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The characters in “The Whore From Ohio,” a vulgar but stylish black comedy by the Israeli playwright Hanoch Levin, have names (Hoibitter, Hoimar and Brontsatski), but it may be simpler to refer to them as the father, the son and the prostitute.
On his 70th birthday the father (Victor Attar), a beggar, decides to buy himself a gift: a session with a prostitute (Zishan Ugurlu). He tries negotiating down the 100-shekel price, and, when the time comes, cannot manage an erection. She is not sympathetic (“Popsie, you’ve got a corpse between your legs”).
The man’s homeless grown son (Udi Razzin) happens along, and although the prostitute is offered to him (she’s already paid for), he is much more interested in how his father is spending his money.
Both men dream about the good life. The son enjoys pretending that his father is really a rich industrialist. The father likes to imagine his son making it big in Hollywood and marrying the American movie star Virginia Mayo. (The play’s time period is never specified.)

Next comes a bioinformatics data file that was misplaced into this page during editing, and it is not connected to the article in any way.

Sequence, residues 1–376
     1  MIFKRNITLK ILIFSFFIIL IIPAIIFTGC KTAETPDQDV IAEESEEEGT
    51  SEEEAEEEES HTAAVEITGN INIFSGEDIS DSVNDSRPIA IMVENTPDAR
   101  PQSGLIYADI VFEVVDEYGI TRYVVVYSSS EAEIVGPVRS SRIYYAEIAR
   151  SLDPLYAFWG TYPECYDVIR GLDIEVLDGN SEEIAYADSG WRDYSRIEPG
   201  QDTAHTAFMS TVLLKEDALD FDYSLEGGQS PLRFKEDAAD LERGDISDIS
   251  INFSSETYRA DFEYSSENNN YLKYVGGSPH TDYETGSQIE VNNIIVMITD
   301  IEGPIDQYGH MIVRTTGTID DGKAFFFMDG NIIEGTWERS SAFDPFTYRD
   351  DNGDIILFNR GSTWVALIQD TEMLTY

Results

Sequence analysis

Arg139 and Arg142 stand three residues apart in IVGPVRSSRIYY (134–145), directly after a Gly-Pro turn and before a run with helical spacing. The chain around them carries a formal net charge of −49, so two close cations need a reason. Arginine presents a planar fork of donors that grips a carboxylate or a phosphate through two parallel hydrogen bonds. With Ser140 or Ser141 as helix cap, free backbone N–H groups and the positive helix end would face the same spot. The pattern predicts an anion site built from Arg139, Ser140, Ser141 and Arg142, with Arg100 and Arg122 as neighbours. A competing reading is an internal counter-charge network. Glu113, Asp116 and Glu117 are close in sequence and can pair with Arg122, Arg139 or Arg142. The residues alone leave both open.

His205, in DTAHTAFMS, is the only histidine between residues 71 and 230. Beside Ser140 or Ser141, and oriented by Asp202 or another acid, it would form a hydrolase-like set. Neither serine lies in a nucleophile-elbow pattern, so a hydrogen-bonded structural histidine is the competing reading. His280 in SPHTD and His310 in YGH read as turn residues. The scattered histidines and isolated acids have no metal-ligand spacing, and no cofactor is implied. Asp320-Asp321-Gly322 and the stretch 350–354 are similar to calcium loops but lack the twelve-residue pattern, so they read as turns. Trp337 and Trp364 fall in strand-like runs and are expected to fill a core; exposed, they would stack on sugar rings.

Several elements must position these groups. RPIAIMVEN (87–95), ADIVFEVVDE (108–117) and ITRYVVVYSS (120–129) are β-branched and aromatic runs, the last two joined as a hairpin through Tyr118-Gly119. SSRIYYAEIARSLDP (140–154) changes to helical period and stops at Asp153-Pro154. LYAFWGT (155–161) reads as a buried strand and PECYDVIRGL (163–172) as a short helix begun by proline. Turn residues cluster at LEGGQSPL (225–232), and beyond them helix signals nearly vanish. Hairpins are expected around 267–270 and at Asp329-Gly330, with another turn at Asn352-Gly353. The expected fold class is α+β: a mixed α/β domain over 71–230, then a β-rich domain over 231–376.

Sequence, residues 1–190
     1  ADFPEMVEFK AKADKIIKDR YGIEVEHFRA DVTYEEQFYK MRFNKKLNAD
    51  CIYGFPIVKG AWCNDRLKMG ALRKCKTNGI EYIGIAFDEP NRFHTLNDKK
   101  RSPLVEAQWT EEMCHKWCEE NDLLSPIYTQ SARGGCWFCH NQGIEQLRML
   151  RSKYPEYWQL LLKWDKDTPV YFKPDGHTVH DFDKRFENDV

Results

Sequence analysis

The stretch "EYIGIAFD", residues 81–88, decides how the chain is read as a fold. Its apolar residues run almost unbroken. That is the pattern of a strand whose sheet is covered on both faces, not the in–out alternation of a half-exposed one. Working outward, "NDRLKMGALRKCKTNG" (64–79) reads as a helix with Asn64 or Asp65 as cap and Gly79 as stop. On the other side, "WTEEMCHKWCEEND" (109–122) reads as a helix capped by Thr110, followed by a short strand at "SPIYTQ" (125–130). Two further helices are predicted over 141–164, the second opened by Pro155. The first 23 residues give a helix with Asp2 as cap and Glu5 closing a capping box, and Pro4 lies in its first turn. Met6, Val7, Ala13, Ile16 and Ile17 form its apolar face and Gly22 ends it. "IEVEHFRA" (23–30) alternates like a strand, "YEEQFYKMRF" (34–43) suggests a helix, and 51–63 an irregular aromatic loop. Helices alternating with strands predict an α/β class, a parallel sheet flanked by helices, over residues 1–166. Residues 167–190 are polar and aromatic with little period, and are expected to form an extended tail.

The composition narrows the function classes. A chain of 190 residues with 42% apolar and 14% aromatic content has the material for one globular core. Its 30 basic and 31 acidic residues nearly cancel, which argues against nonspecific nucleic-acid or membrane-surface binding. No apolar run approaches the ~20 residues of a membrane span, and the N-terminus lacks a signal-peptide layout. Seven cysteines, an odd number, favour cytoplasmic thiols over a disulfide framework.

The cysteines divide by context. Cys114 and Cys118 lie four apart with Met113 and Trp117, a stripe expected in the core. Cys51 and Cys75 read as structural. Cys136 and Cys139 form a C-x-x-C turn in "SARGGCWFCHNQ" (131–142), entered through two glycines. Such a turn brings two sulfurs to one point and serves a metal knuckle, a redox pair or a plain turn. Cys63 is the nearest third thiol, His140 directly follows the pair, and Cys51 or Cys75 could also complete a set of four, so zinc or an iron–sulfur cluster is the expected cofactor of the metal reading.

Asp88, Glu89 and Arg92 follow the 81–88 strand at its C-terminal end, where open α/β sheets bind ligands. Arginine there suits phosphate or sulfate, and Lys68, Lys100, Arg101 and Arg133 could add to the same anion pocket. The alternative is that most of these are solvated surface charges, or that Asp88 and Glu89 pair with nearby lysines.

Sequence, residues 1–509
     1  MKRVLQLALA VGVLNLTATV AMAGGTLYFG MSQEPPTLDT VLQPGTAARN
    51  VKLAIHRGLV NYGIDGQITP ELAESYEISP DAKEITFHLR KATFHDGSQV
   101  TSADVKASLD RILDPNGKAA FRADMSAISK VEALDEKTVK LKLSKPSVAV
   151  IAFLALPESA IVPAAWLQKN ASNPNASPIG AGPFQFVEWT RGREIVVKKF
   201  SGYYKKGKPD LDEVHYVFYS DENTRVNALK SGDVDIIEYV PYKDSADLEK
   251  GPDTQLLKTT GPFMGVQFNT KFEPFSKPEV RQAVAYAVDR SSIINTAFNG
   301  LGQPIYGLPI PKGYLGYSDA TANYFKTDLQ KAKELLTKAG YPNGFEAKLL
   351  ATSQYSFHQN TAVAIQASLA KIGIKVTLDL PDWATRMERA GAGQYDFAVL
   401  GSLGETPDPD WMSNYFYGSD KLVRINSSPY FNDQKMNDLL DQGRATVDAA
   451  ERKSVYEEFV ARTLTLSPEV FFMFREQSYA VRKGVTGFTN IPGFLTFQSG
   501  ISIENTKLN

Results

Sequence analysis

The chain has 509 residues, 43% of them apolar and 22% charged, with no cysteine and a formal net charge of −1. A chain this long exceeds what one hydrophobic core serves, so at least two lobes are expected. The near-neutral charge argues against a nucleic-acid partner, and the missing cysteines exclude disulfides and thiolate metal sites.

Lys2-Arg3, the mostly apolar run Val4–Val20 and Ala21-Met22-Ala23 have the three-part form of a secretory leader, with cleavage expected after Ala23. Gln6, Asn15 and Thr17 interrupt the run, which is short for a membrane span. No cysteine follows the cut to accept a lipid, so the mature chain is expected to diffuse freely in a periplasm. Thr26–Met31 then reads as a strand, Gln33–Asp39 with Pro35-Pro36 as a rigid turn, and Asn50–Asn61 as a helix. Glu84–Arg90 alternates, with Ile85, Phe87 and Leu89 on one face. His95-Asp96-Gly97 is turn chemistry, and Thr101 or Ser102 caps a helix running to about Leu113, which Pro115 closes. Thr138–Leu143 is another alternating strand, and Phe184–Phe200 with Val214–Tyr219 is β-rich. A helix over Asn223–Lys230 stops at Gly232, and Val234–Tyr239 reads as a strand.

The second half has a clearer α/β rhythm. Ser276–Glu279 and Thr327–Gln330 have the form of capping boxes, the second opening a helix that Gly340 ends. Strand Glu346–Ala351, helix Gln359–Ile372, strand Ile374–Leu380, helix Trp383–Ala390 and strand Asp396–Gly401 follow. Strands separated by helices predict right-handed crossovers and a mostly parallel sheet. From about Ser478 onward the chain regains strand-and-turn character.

The title comes from the father’s longtime fantasy: a huge, elegant brothel in faraway Ohio, where prostitutes spend their days riding thoroughbreds, and each has a garden, a yacht, a private plane, a retinue of servants and two gynecologists on call 24 hours a day.
Not that he would fit in there. The characters’ costumes, by Robert Eggers, look all too realistically filthy. Mr. Attar and his wife, Geula Jeffet Attar, are the co-directors, responsible for the imaginative staging.
Mr. Levin’s “Job’s Passion,” which just closed at Theater for the New City, was biblical and sprawling. “The Whore From Ohio” is semi-contemporary and concise. What the two works by Mr. Levin, who died in 1999, share is an appetite for unpleasant truths. Sometimes the results are coarse; sometimes they are emotionally revealing.
“Why are you so small and weak?” the son asks his elderly father. “Why aren’t you God?”
The father asks the no longer tiny son, “Where is my trusting baby with golden curls?”
“I have no baby!” the father cries.
The son replies, “I have no father.”
The inevitable dual tragedy of adulthood is identified.